A vehicle that sits idle for a long period of time can develop any number of problems in any atmosphere. Your brake problem could also be among other things a master cylinder that is "by-passing" internally due to deteriorated seals etc. Your complete braking system including lines and hoses needs to be examined and not guessed at by a competent technician.

Sincerely,

Bill

1972 Mark ATC Box Questions

Hello Bill!

I'm writing from middle Europe, please excuse me for my English.

My heating system works like it won't accept the signal from the temperature lever. Always heat.

I took out the ATC box and did the test step by step which is in the factory service manual. It passes every single step, except were I test the amplifier and transducer. (the transducer stand alone test is passed too). I attached the page for better understanding. I examined the amplifier panel. All the resistors are ok, the adjustable resistor ok too. So in my opinion is that one of the transistors is misbehaving or destroyed. But because there is no identification number on them, it seems a dead end for me. Can you help me out on this? What kind of transistors are they, and is there any replacement transistor for them?

Best Regards,

Attila
Hungary

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Hi Attila -

If your ATC box is in good order you will need to perform the other tests shown in the manual on other components in the system. For instance if the "sensor string" has an open circuit or the system has a loss of vacuum, the ATC defaults to full heat on most models.

If the ATC box is in fact faulty we can test and overhaul this item for you as this service is a common repair item for us. We do have replacement amplifiers for the boxes in the 66-77 Lincolns and Marks. But again, we can offer you the rebuild service if needed.

Sincerely,

Bill

1963 Sedan Engine Won't Stop When Key Is Turned Off

Hi Bill,

I have 1963 Continental. The problem is that every now and then engine won't stop from the key. I did check from the ignition coil and it has 12 volts on it. Not the 6 volts as normally running. Schematic shows that 12 volts come to ignition coil at starting from the starter relay. I have a shop manual but it shows that the starter relay is located under the fusebox, but mine is in the engine bay. Is the connection different in 63 than the earlier models?

Thanks,

Tomi

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Hello Tomi -

The 12v is sent to the coil from the starter relay only while the engine is cranking in the "start" position of the ignition switch. After the engine starts and the ignition switch is released to the "run" position reduced voltage to the coil resumes from the ignition switch.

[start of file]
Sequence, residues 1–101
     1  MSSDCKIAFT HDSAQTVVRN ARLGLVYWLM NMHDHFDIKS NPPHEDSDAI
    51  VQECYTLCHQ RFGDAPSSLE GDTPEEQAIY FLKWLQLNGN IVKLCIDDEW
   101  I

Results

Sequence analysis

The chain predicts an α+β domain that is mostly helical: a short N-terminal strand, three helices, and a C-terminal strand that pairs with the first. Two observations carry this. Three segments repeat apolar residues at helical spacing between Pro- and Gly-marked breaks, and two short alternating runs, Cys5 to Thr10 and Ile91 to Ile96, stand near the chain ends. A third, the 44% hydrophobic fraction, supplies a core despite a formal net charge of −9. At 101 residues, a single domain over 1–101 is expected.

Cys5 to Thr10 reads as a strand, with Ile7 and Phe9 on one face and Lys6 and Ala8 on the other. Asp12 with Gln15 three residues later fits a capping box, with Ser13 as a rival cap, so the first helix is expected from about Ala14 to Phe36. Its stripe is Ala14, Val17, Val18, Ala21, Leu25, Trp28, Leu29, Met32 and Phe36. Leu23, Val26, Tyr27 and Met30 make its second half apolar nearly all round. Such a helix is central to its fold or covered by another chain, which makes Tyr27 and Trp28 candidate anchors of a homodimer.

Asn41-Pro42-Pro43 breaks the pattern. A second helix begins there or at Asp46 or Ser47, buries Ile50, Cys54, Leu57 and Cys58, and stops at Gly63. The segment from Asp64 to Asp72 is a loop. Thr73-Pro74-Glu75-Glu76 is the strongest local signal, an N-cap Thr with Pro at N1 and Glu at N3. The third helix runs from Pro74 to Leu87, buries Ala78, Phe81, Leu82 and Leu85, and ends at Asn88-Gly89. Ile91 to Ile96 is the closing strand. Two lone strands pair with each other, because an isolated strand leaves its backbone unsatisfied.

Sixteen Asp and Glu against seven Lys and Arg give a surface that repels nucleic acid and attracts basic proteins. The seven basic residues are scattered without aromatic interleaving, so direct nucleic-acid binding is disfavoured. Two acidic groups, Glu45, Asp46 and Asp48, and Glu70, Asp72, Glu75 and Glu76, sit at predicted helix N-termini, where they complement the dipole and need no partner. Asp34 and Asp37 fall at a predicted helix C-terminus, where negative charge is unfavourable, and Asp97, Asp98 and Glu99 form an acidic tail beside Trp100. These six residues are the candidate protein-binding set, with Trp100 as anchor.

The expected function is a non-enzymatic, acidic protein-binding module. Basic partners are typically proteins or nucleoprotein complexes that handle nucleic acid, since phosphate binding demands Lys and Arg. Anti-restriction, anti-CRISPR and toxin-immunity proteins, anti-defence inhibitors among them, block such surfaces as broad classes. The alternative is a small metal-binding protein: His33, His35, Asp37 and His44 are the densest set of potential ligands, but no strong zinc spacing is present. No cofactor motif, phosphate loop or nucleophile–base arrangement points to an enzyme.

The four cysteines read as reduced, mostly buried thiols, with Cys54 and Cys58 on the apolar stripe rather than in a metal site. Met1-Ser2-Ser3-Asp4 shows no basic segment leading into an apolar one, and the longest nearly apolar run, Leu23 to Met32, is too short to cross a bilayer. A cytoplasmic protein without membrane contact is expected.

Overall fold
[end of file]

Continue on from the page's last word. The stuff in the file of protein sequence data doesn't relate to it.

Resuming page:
Your problem sounds like a faulty starter relay that is intermittently shorted internally. To check this theory unplug the wire at the relay that runs to the coil during the next no shut off event. If the engine then shuts off the starter relay will need a replacement. If the engine continues to run you will need to trace the ignition circuit for a possible short or intrusion from another circuit somewhere.

Sincerely,

Bill

May 4, 2018

1971 Mark III Needs Step By Step Diagnostics From The Factory Shop Manual With Follow Up

Dear Bill,

Thank you for providing this great service.

The auto headlamp dimmer worked erratically and now I can not switch to hi beam anymore. The switch feels worn and I can hear a relay clicking. I struggle to find a replacement foot switch for auto dim. Is the relay located in the switch or elsewhere? If not, is the switch serviceable? The hi beam indicator light does not work. How can one get at it or is there a way to test it? I got the radio refurbished and after putting it back in all dashbord lights are gone. I found the fuse blown. The circuit has shortened out. I struggled to read the wiring diagram I have as there is no index regarding the abbreviations for the wire colors. I found the ash tray illumination working and wires in color which I think are related to the dashboard illumination wiring but I can find nothing going up behind the dashboard! Where do I best start troubleshooting? The rear demister motor runs noisy and now blows its fuse after a short time of running. Is the motor serviceable - and where is it? Do you have to remove the rear seats? If so, how do you do this? The previous owner is unsure about what gas to use for the AC. The pump has a sticker on it saying that it got refurbished. The filler caps seem to sit on adapters. How can I find out about the gas? The heater motor runs noisy. The workshop manual suggests removing the hood, offside wheel, inner wheel arch and then pulling the whole gigantic plastic box containing the AC system through there - a somewhat daunting task! Is it true that you can get at it through the glove compartment? The view to the firewall is obscured there by a thicket of wires and things which look like vacuum motors or control boxes. Thank you so much in advance for your care.